The recent flare-up in trade tensions between the US and China has caused some of the global technology giants to temporarily lose their lustre, and none more so than Alibaba (NYSE: BABA), which is down more than 12 per cent from its mid-June highs.
With a share price in the mid-$180’s, we believe the market implied expectations for this high-quality business are too conservative, especially compared to the healthy dose of optimism required to invest in the Amazon story. Both Alibaba and Amazon are considered the dominant commerce platforms in their respective geographies, but one often overlooked detail makes Alibaba look like a charity next to Amazon.
When analysing the revenue of a platform company, the two most important components are gross merchandise value (“GMV”)—the value of transactions that take place on the platform—and the economics of the transaction that accrue to the platform owner, also known as the “take rate”. Amazon operates a first-party retail business and a third-party (“3P”) marketplace business. For its marketplace business, Amazon charges merchants a commission on sales and other fees for logistics/fulfillment and advertising. Alibaba operates two 3P marketplaces – Tmall for branded B2C merchants and Taobao for smaller C2C merchants, and mainly charges fees for marketing (both) and sales commissions (Tmall only).
So far, the two models sound pretty similar – the platform owner collects a fee (under various labels) for transactions that take place on the platform. But consider the chart below, which shows the effective take rate for Amazon and Alibaba on their respective 3P marketplaces.
Chart 1: 3P marketplace take rates
Source: Morgan Stanley
The chart shows that it costs merchants up to seven times as much to sell on Amazon than it does to sell on Alibaba. For a $100 sale, the merchant is paying Amazon $12 in commissions on average, $9 for logistics services if they use Fulfillment By Amazon, and another $4 if they use Amazon’s marketing services. This leaves $75 to cover the merchant’s cost of sales, other operating expenses, and a profit margin. The same merchant would only pay away $3.50 all-in to Alibaba for the same $100 sale.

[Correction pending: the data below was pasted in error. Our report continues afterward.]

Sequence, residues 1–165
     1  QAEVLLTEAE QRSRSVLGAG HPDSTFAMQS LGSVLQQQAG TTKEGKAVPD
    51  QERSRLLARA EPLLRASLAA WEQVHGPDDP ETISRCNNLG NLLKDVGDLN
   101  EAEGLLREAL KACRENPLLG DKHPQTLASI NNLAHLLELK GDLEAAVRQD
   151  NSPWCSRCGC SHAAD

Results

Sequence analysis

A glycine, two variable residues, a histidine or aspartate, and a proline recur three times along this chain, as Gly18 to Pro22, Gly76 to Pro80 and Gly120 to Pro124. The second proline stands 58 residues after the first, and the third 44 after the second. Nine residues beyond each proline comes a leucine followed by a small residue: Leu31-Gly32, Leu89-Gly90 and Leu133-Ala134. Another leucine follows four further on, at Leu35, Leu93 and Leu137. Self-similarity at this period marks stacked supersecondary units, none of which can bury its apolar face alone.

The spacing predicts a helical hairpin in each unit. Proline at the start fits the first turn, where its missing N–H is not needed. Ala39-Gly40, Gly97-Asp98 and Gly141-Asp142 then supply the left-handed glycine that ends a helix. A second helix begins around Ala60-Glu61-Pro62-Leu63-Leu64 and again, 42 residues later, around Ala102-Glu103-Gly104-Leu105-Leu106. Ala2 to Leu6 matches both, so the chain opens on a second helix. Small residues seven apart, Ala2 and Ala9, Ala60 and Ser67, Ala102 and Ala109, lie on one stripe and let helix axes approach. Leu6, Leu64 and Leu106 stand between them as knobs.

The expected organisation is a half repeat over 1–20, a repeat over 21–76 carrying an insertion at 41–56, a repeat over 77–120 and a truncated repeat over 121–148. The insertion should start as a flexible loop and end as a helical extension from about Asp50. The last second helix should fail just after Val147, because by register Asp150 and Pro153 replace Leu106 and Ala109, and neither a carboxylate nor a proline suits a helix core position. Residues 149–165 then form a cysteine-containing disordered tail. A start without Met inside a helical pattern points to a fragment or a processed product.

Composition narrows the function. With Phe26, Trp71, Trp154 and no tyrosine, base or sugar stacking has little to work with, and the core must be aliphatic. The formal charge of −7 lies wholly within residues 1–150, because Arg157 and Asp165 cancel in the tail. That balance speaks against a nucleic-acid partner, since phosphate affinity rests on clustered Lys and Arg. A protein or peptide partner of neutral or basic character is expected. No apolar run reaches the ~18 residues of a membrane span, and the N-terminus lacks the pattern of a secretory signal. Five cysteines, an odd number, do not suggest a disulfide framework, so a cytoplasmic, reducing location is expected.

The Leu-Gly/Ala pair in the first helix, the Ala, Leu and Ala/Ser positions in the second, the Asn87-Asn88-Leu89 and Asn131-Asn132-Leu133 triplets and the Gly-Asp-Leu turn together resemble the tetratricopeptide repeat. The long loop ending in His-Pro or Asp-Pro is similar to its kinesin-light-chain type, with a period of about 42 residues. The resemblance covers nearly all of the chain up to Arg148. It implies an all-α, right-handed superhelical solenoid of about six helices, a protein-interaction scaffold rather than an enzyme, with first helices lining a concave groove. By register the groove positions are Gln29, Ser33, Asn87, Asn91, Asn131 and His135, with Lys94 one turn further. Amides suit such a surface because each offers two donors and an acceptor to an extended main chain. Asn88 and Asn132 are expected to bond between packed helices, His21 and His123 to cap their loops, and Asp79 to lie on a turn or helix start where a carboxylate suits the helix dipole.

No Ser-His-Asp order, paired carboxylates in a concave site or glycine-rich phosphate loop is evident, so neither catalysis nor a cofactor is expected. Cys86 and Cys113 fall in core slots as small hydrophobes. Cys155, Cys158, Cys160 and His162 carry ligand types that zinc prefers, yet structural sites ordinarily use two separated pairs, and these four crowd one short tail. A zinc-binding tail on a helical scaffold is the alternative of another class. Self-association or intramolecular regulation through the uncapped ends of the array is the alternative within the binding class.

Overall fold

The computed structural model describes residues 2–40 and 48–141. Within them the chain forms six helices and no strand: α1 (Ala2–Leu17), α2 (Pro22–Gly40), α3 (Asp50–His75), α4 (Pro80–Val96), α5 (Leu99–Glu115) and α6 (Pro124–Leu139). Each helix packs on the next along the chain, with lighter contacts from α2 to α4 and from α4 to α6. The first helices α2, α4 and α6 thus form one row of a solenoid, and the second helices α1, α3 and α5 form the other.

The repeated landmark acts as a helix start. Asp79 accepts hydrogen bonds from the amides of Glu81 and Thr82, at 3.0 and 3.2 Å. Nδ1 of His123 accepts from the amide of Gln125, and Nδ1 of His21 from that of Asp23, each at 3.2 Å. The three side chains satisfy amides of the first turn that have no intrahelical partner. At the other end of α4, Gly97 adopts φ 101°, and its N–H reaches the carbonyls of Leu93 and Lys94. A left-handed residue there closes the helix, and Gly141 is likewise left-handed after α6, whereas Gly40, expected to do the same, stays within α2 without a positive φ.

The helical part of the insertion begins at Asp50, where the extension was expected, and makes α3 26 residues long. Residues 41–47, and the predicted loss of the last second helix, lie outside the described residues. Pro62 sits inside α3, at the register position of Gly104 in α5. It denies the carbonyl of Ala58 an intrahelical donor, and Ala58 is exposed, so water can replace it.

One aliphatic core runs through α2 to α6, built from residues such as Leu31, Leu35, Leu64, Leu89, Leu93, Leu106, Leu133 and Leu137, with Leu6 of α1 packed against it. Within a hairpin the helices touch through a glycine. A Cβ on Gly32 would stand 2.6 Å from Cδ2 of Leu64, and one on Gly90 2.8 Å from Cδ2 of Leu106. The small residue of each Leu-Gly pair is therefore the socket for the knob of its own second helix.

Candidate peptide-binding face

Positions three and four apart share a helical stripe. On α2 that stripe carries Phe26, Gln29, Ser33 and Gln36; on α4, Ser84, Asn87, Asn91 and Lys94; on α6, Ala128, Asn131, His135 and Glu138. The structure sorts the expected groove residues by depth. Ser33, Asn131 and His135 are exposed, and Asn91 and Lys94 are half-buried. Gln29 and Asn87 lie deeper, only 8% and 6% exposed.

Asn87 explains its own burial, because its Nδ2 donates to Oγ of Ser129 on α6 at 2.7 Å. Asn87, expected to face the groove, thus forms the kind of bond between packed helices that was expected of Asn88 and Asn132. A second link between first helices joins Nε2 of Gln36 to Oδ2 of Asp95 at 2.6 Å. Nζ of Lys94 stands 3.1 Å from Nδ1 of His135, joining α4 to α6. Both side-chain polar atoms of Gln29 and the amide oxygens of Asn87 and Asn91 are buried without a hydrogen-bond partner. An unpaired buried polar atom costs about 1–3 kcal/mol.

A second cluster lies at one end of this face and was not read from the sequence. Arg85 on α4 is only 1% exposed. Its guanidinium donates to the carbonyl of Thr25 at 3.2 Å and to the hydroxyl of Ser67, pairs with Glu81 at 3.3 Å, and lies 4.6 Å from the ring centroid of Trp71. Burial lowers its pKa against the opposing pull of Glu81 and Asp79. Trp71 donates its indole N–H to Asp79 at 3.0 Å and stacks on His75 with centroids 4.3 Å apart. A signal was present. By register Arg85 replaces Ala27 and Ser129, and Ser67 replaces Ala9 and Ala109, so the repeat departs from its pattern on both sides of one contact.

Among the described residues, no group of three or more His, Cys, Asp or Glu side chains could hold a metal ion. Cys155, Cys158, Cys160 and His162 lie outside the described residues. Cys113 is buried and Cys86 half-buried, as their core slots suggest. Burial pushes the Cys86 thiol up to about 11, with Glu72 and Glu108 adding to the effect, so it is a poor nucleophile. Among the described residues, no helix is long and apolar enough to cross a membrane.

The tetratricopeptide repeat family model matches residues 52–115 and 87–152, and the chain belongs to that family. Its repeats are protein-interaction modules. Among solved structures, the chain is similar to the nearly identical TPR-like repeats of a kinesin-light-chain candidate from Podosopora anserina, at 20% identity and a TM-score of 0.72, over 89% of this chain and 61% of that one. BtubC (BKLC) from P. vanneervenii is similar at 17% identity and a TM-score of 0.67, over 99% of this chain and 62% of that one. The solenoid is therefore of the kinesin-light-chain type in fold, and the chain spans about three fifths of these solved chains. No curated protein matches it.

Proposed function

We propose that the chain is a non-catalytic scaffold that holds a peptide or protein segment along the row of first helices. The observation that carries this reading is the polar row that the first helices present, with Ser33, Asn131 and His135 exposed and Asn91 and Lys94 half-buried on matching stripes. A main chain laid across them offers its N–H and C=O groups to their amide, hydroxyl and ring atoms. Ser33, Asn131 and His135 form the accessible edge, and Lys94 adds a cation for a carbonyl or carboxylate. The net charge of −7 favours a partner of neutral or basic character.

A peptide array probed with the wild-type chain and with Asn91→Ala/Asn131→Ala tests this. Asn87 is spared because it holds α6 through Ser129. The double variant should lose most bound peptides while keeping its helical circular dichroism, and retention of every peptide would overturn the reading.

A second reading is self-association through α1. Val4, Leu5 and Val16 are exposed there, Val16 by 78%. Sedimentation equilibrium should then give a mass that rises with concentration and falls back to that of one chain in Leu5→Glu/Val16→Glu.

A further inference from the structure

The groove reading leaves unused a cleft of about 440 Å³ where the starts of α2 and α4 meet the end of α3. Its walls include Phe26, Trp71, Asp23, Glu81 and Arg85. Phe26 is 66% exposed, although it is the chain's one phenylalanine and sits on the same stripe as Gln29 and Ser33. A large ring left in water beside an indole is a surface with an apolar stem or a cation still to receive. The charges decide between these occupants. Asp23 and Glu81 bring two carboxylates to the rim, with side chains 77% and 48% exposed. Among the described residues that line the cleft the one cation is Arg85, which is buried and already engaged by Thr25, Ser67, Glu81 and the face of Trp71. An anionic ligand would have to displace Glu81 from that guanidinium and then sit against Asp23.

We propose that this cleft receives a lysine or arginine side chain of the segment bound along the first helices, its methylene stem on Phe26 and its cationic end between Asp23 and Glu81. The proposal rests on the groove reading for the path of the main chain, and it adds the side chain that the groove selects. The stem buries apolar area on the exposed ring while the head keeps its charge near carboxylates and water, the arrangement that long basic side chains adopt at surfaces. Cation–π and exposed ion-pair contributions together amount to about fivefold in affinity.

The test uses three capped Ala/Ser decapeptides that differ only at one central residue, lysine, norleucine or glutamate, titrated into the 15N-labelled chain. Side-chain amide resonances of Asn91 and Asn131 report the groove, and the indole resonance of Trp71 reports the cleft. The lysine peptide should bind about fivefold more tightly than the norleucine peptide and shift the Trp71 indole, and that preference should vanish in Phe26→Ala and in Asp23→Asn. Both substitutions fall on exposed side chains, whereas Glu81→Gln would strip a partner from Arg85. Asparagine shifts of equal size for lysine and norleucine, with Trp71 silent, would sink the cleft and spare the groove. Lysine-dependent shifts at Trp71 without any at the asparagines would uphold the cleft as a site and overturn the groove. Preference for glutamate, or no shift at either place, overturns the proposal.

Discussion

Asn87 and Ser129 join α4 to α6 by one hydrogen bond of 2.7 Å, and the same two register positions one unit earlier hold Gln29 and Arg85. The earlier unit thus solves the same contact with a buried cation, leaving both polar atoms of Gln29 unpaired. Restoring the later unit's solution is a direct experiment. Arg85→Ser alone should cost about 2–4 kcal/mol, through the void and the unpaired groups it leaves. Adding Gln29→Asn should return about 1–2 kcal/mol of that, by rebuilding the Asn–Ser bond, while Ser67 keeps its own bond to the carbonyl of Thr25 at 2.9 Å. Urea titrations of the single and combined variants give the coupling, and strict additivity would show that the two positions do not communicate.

What this suggests to us is that Alibaba is barely scratching the surface of what it could potentially charge merchants (i.e. pricing power). And this is for a platform that, arguably, provides merchants even greater exposure to consumers than Amazon does. Management has been very careful to not pull the pricing lever, instead relying on ad load increases and personalisation algorithm improvements to generate robust revenue growth. But when Alibaba does pull the pricing lever, a doubling of its take rate to 7 per cent would double revenues and more than double earnings (given the 60 per cent core EBITA margin) without transacting a single dollar more on its platform (yet GMV grew 28 per cent last year to RMB 4.8 trillion), and still be a fraction of Amazon’s take rate.
Compared to Amazon taking up to a quarter of a merchant’s sales, Alibaba’s pricing does, indeed, seem almost charitable. But more importantly for investors in the Montgomery Global funds, the market expectations implied by the current share price is for Alibaba’s take rate to remain flat forever. In our opinion, this is far too conservative – especially for a business that is relentlessly capturing an ever-growing slice of the Chinese economic pie.
The Montgomery Global Funds own shares in Alibaba. This article was prepared 04 July 2018 with the information we have today, and our view may change. It does not constitute formal advice or professional investment advice. If you wish to trade Alibaba you should seek financial advice.